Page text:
Design of the first 300 MWe AHWR (920 MWt, 284 MWe net) was completed early in 2014 at BARC. It is mainly a thorium-fuelled reactor but is versatile regarding fuel. Construction of the first one is due to start in the 12th plan period to 2017, for operation about 2022. At the end of 2016 large-scale engineering studies were validating innovative features of the design. No site or construction schedule had been announced for the demonstration unit. The AHWR can be configured to accept a range of fuel types including U-Pu MOX, Th-Pu MOX, and Th-U-233 MOX in full core, the U-233 coming from reprocessing in closed fuel cycle. A co-located fuel cycle facility is planned, with remote handling for the highly-radioactive fresh fuel.*
The 300 MWe AHWR will have vertical pressure tubes in which the light water coolant under high pressure will boil at 285°C, circulation being by convection. Thermal efficiency is 30.9%. It is moderated by heavy water. There are 452 fuel assemblies, with burn-up of 38 GWd/t. A large heat sink or "gravity-driven water pool" with 7000 cubic metres of water is near the top of the reactor building and has a safety function. It has a slightly negative void coefficient of reactivity and several advanced passive safety features to enable meeting next-generation safety requirements such as 72-hour grace period for operator response, elimination of the need for exclusion zone beyond the plant boundary, 100-year design life, and high level of fault tolerance. The advanced safety characteristics have been verified in a series of experiments carried out in full-scale test facilities. It is claimed that per unit of energy produced, the amount of long-lived minor actinides generated is nearly half of that produced in current generation light water reactors. A high level of radioactivity in the fissile and fertile materials recovered from the used fuel of the AHWR, and their isotopic composition, preclude the use of these materials for nuclear weapons*.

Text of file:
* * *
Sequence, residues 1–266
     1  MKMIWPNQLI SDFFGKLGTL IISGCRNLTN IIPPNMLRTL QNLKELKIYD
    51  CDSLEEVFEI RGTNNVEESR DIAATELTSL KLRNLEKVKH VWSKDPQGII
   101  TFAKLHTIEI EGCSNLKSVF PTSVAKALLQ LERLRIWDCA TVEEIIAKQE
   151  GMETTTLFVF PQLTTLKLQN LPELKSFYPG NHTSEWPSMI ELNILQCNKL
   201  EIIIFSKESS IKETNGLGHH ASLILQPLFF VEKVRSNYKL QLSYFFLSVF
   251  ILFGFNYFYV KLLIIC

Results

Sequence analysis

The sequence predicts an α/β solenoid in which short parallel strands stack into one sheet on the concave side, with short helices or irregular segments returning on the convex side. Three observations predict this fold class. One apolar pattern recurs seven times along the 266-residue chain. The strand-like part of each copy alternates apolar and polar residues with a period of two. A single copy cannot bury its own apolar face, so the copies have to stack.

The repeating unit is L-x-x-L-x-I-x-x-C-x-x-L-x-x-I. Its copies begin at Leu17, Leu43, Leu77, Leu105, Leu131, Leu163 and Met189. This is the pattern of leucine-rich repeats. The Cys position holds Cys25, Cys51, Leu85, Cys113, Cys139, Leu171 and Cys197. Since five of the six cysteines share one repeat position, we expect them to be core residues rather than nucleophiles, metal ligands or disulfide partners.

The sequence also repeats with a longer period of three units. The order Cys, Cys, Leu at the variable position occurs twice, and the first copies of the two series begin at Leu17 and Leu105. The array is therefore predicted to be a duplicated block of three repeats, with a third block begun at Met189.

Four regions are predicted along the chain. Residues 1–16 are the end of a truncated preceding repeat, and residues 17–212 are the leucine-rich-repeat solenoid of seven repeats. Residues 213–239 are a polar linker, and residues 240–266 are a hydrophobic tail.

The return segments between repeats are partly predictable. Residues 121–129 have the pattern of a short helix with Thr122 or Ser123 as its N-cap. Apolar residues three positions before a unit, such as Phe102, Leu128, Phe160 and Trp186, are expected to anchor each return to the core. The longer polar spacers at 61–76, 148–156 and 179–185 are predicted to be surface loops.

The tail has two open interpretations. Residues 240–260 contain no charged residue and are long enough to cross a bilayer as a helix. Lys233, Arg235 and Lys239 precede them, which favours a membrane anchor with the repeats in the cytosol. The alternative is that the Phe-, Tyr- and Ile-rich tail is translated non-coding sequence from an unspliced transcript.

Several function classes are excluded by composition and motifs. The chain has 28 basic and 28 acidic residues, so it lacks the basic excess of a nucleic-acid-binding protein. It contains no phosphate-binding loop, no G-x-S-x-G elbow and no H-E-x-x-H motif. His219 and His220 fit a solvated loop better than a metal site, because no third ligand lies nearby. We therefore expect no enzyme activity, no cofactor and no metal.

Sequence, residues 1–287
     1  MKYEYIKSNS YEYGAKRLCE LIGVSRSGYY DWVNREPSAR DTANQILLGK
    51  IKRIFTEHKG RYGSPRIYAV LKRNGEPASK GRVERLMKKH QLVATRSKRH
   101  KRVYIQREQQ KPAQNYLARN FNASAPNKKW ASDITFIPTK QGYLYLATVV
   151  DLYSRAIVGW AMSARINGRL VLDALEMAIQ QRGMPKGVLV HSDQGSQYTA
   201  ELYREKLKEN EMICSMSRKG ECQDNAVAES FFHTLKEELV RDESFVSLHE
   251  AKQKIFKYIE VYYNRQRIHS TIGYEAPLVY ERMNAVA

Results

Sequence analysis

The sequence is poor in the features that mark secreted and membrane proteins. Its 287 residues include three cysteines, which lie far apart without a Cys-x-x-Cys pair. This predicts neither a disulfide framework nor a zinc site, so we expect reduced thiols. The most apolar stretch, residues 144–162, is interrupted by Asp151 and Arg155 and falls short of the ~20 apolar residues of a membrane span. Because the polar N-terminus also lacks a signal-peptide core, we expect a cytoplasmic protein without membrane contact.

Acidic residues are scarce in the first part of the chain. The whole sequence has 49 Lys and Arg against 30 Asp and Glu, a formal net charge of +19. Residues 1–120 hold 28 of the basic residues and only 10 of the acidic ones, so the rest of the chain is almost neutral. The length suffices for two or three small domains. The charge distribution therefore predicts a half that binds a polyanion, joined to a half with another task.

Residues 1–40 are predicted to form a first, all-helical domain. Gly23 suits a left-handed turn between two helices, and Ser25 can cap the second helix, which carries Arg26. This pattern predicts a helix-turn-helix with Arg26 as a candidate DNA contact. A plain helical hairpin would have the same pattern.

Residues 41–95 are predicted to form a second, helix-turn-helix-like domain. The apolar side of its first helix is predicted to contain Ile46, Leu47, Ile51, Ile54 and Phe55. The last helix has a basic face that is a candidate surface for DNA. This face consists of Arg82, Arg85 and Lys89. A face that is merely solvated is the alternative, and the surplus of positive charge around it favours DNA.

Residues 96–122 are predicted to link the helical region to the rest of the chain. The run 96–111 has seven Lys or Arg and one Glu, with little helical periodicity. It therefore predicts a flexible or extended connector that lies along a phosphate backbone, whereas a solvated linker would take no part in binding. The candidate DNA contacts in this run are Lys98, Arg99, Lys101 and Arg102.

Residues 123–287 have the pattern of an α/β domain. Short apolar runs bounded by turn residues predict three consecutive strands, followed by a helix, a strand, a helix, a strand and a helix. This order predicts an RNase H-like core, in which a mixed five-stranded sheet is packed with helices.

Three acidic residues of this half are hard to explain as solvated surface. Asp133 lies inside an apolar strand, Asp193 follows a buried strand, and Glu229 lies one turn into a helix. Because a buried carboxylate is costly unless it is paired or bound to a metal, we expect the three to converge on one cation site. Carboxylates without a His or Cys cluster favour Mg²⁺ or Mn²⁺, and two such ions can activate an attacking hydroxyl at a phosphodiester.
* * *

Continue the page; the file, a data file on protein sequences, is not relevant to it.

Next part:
An early AEC decision was to set up the Bhabha Atomic Research Centre (BARC) at Trombay near Mumbai. A series of 'research' reactors and critical facilities was built here: APSARA (pool-type, 1 MW, operating 1956-2010) was the first research reactor in Asia, CIRUS (40 MWt, 1960) built under the Colombo Plan, and Dhruva (100 MWt, 1985) followed it along with fuel cycle facilities. CIRUS used natural uranium fuel, was moderated by heavy water and cooled by light water. It was extensively refurbished and then recommissioned in 2002, and ran to 2010. Dhruva was fully designed and built indigenously, and uses metallic uranium fuel with heavy water as moderator and coolant. Dhruva is extensively used in neutron beam research studies involving material science and nuclear fission processes. As well as research uses, the CIRUS and Dhruva units are assumed to be largely for military purposes, as is the Trombay plutonium plant commissioned in 1965. In line with international agreement, the government shut down CIRUS at the end of 2010.
BARC is also responsible for the transition to thorium-based systems and in particular is developing the 300 MWe AHWR as a technology demonstration project. This will be a vertical pressure tube design with heavy water moderator, boiling light water cooling with passive safety design and thorium-plutonium based fuel (described more fully above). A large critical facility to validate the reactor physics of the AHWR core has been commissioned at BARC, and BARC's research laboratory at Tarapur tests various AHWR systems. An engineering-scale Power Reactor Thorium Reprocessing Facility (PRTRF) has been constructed at Trombay to reprocess thoria fuel bundles irradiated in PHWRs, was expected in operation in 2015.